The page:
An audit of characteristics and outcomes in adult intensive care patients following tracheostomy
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Background: Tracheostomies are commonly performed on critically ill patients requiring prolonged mechanical ventilation. The purpose of this study was to review our experience with surgical and percutaneous tracheostomies and identify factors affecting outcome. Materials and Methods: Patients who underwent tracheostomy between January 1999 and June 2008 were identified on the basis of Diagnostic Related Group coding and the International Statistical Classification of Diseases and Related Health Problems, Tenth Revision, Australian Modification procedural code. The primary endpoint was in-hospital mortality. Contingency tables were generated for clinical variables and a chi-squared test was used to determine significance. Results: One hundred and sixty-eight patients underwent tracheostomy between January 1999 and 30 June 2008. In-hospital mortality was 22.6%. The probability of death was found to be independent of timing of tracheostomy, technique used (percutaneous vs. surgical), number of failed extubations and obesity. On univariate analysis, the null hypothesis of independence was rejected for age on admission (P = 0.014), diagnosis of sepsis (P = 0.0008) or cardiac arrest (P = 0.0016), Acute Physiology and Chronic Health Evaluation II score (P = 0.0319) and the Australasian Outcomes Research Tool for Intensive Care calculated risk of death (P = 0.0432). Conclusion: Although a number of patient factors are associated with worse outcome, tracheostomy appears to be a relatively safe technique in the Intensive Care Unit population.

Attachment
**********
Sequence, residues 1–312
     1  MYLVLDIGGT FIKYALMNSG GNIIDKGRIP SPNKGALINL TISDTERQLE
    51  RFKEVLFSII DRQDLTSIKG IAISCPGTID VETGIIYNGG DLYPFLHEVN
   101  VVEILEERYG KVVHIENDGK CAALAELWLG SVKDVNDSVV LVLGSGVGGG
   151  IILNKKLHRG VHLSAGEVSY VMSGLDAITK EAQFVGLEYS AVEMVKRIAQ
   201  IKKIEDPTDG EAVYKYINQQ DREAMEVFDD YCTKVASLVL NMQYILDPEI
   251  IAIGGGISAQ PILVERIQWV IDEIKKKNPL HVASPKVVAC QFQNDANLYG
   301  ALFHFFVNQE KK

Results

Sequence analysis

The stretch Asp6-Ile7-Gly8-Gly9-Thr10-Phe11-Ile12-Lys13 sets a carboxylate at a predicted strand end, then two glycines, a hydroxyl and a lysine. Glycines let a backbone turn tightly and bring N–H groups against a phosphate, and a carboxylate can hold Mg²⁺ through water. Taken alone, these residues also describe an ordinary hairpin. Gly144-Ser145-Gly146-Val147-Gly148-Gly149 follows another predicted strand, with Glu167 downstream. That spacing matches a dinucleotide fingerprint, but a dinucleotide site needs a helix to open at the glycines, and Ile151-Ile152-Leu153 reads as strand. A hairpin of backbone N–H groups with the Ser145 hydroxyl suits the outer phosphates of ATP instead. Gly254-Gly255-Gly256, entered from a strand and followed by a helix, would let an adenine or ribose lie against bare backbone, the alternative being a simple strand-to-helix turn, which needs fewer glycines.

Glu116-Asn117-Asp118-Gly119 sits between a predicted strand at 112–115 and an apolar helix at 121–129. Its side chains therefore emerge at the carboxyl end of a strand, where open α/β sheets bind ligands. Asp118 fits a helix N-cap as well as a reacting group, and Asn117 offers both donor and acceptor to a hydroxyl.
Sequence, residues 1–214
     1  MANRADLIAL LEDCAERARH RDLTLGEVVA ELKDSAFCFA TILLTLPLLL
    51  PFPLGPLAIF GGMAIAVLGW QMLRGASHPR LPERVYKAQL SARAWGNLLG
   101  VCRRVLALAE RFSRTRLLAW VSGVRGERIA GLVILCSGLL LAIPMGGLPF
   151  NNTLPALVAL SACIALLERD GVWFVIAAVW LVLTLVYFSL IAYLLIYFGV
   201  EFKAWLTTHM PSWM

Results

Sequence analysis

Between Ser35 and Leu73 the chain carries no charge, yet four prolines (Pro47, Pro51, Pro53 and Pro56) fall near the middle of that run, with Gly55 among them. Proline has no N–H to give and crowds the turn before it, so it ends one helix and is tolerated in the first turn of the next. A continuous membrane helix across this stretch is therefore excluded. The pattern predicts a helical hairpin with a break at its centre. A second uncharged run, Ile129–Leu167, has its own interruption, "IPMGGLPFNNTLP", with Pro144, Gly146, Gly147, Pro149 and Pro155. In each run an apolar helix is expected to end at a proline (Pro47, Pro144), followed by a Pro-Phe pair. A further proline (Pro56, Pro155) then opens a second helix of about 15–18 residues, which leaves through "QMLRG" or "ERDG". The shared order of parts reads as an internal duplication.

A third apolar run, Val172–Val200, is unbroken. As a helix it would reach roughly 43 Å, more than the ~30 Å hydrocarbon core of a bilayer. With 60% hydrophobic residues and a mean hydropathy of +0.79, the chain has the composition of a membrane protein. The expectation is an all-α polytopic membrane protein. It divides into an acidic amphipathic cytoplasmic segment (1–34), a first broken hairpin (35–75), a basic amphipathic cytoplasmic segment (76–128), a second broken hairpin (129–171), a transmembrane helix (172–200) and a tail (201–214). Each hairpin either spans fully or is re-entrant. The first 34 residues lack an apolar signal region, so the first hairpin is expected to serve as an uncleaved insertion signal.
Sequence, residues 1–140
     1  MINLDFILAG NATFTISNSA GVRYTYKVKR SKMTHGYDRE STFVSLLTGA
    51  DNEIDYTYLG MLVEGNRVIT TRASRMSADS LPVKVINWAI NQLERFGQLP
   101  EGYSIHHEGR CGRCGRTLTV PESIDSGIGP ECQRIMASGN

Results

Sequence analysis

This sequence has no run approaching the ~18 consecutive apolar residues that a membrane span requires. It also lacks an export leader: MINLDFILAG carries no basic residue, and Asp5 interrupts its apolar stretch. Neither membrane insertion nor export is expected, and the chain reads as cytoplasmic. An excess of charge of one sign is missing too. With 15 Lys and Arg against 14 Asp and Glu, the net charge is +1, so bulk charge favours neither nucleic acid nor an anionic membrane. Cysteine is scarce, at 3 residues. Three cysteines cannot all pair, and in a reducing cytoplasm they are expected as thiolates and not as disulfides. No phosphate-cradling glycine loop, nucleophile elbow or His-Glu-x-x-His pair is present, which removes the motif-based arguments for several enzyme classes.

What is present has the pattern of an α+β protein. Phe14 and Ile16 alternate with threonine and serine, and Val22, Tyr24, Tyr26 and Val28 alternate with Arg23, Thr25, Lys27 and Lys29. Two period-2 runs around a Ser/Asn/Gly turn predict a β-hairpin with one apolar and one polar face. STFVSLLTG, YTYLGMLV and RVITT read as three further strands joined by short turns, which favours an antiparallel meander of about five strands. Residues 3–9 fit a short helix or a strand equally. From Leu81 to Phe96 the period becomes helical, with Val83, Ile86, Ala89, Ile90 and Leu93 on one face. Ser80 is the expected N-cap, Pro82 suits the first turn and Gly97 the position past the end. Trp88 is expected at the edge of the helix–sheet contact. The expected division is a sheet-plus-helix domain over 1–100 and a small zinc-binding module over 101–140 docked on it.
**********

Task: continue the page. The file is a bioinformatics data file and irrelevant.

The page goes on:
Indian Journal of Critical Care Medicine
© 2012 Indian Journal of Critical Care Medicine. The attached file is reproduced here in accordance with the copyright policy of the publisher. Please refer to the journal's website for access to the definitive, published version.
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